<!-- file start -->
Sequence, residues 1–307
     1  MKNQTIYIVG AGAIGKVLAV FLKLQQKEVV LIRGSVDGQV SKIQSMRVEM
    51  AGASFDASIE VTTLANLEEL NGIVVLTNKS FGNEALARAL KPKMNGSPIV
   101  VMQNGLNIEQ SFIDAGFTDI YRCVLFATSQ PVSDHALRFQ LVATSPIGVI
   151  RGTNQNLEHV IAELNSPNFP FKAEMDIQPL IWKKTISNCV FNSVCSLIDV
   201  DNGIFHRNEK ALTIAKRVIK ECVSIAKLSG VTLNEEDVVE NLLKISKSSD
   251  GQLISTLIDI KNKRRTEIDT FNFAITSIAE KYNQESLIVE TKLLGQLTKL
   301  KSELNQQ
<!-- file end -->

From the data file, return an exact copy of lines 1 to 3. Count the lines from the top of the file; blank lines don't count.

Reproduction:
Sequence, residues 1–307
     1  MKNQTIYIVG AGAIGKVLAV FLKLQQKEVV LIRGSVDGQV SKIQSMRVEM
    51  AGASFDASIE VTTLANLEEL NGIVVLTNKS FGNEALARAL KPKMNGSPIV